Today, the D.C. Circuit Court of Appeals upheld in part the Federal Communications Commission’s December 2017 Restoring Internet Freedom Order in the case, Mozilla v. FCC. Public Knowledge filed as a petitioner opposing the FCC’s abandonment of its own net neutrality rules. While the FCC’s classification decision was narrowly upheld, the court also ruled that the FCC cannot prevent states from enacting their own net neutrality laws or other broadband regulations.
The net neutrality rules created by the FCC’s 2015 Open Internet Order prevented broadband providers from blocking websites, throttling web traffic, or creating “fast lanes” only for those able to pay for prioritization. Millions of Americans expressed support for these rules by submitting comments with the FCC, and more than 80 percent of Americans consistently say they support restoring the protections the FCC adopted in the 2015 Open Internet Order.
The following can be attributed to John Bergmayer, Legal Director at Public Knowledge:
“We are gratified that the Court agreed with Public Knowledge and other petitioners on the matter of preemption. As we argued, once the Commission decided not to regulate broadband, it lost the ability to preempt states from doing so. The Commission’s choice to give up oversight of broadband means that states now have the clear authority to step in to protect consumers and promote competition where the FCC is unwilling to do so.
“The Court’s decision leaves states with a clear path forward to enact state net neutrality laws to protect internet users and provide certainty for participants in the digital economy. States should move expeditiously to protect consumers where the FCC has refused to do so.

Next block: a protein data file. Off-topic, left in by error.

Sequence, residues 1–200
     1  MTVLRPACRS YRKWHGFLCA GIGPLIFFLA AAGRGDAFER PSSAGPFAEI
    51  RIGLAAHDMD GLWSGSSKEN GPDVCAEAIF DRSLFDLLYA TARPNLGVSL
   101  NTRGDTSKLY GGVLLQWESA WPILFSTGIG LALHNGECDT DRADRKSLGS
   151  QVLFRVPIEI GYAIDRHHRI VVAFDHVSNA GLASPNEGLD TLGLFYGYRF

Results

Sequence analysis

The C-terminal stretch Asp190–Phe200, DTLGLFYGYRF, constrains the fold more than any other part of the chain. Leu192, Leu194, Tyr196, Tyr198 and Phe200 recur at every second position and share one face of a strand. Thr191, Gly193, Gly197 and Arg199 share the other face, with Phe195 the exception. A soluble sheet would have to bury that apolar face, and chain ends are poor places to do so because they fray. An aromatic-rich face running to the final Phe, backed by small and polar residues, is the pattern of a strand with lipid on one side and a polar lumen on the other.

“In deciding whether the FCC’s Order was permissible regarding the classification of broadband, the Court applied a highly deferential standard and found that the Commission narrowly satisfied its burden — noting at one point that the Commission ‘barely survives arbitrary and capricious review,’ and that the Commission ‘failed to provide any meaningful analysis’ regarding how existing law will protect consumers without the agency’s net neutrality protections. However, for the moment, broadband remains classified as an information service — though the Commission must reexamine the effects its choice will have on public safety, universal service, and access to utility poles, which is important for competition. This provides a further opportunity for the public to show how the Commission’s approach is incompatible with these important policies.
“It is disappointing that the court’s decision leaves the American people without national rules protecting them against broadband providers blocking, throttling, or discriminating against certain types of internet traffic. While states should move quickly to enact net neutrality consumer protections, Congress should also respond to the overwhelming demand for strong net neutrality protections by passing the Save the Internet Act to provide certainty to all internet users across the country. The Save the Internet Act has already passed the House of Representatives, and in 2018 a bipartisan majority of the U.S. Senate approved a Congressional Review Act resolution to reinstate the FCC’s 2015 net neutrality protections.
“Polling shows that the American people support this action, regardless of party. Only in Washington do we see a few policymakers at the FCC and in Congress acting in the interest of a handful of powerful broadband providers. This decision should spark the public to demand action to pass strong net neutrality laws now.”
You may view our intervenors’ brief for more details on why Public Knowledge strongly opposed the FCC’s net neutrality repeal. For more information on why we went to court, please view our recent blog post, “Broadband Providers Are Quietly Taking Advantage of an Internet Without Net Neutrality Protections.”
Members of the media may contact Communications Director Shiva Stella with inquiries, interview requests, or to join the Public Knowledge press list at firstname.lastname@example.org or 405-249-9435.